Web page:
Even if I take half of those 13 homers off the table and round down, he loses 6 long balls. Unless Cespedes can get his swing speed back to 2013 levels, his power numbers are due for a dip, especially since his HR/FB% has been in decline. However, I also felt like Ian Kinsler would suffer a bit in Detroit after leaving the comfortable confines of Texas, but he was able to maintain his value. This is where the Cespedes peripherals come into play. Using Fangraphs’ weighted statistics in runs created plus (wRC+) and weighted on base average (wOBA), Cespedes has been in decline since his debut.
Cespedes 2012: wRC+ 136, wOBA .368
Cespedes 2013: wRC+ 102, wOBA .318
Cespedes 2014: wRC+ 109, wOBA .326
Once is a mistake, but twice is a trend. Since the weighted numbers do not rely solely upon ballpark effects, they are a truer measure of what a player has done. Over the last two years Cespedes is getting on base less, creating fewer runs and hitting for less power. A look at his zone profile may provide a glimpse. Note the amount of pitches that Cespedes saw in the lower four quadrants representing low and away:
This number has grown over the last three years as well. In 2012, Cespedes only saw 522 pitches in those quadrants, but in 2013 it jumped to 602 and in 2014 it reached 665. One of the reasons that Cespedes chases the pitches low and away is that he hits the bottom third of the strike zone well for power. It is a fine line to walk as a pitcher when you see Cespedes’ zone profile for slugging, noting that he hits the low and away in the strike zone for his second highest slugging percentage at .794.
But if he drives these pitches to center field, how many fewer home runs will he hit? Steamer projects the following season, which is almost a direct reflection of his last three years averaged together:
Yoenis Cespedes Steamer Projection: 138 G, 75 R, 24 HR, 87 RBI, 7 SB, .268/.319/.467
Since I usually use the last three years to try and project players, I came to almost those same numbers. Due to the ballpark, I will take the under on 24 home runs (I say 18) but the over on runs and RBI due to the support of the Tigers lineup. Cespedes has stolen seven bases each of the last two years so that is tough to dispute. I will also take the under on his slugging percentage unless he has a career year. Let others buy into the Tiger hype while you remember that he is a mystery wrapped in an enigma.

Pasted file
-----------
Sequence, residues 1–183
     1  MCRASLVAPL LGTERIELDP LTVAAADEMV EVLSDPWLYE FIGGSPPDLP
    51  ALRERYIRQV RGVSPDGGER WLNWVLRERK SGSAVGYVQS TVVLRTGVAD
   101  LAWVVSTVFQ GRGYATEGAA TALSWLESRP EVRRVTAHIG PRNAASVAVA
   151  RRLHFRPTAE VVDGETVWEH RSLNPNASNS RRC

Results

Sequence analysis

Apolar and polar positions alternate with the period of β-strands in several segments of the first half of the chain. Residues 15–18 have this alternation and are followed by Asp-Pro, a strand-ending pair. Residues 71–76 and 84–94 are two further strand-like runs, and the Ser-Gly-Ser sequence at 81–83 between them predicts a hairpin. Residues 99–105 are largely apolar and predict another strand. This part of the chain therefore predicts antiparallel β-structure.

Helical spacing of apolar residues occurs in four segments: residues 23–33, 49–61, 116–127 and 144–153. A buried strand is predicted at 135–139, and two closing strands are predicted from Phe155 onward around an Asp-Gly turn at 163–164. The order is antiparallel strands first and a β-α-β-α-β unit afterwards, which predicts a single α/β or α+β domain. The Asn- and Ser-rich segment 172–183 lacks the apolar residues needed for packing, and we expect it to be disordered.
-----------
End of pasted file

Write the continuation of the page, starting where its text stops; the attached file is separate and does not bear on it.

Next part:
Rick Porcello comes home to New England
After being spurned by Jon Lester (Editor’s note: spurned, Greg? Only you), the Red Sox took their return in that deal and replaced him with Rick Porcello. Porcello is coming off of a 15-win season for Detroit and is a consistent but unspectacular pitcher. He features five pitches including a sinker, change, slider and curve to go along with his fastball. For Porcello to thrive, he needs to pitch to contact, primarily inducing ground balls. He’s similar to Cespedes in that he likely already reached his peak. Here are his last three years averaged out:
Rick Porcello 3-year average: 13 W, 186 IP, 126/42 K/BB, 4.08 ERA, 1.34 WHIP
While his wins were valuable to fantasy owners, his lack of strikeouts limit his ceiling. After reaching a 7.2 K/9 in 2013, he dropped back to 5.7 in 2014 which is in line with his career number of 5.5. Even though he is viewed as a ground ball pitcher he only had a 1.69 GB/FB ratio in 2014. His career number is 1.89 and in 2013 it was 2.34. Porcello threw fewer sinkers (42% 2013, 33% 2014), struck out fewer batters but set a career-high in wins and career low in ERA (3.45) last season. He is a good pitcher who has seemed to reach his ceiling but he is still young. Porcello will turn just 26 this season, but the breakout may not be coming. He will still have value in deep and AL-only formats, but I would be hesitant to use him in more shallow leagues. While John Farrell has helped to turn around pitchers before, Porcello’s career swinging strike percentage of 8.6 and K/9 of 7.2 really mitigate his fantasy ceiling.
Statistical credits: Baseball-Reference.com, Fangraphs.com, ESPN.com, BrooksBaseball.net
Photo cred: http://goo.gl/KHoVUy (Cespedes), http://goo.gl/sXy15A (Porcello)
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Greg Jewett is The Sports Script’s senior fantasy baseball writer. Follow him on Twitter @gjewett9!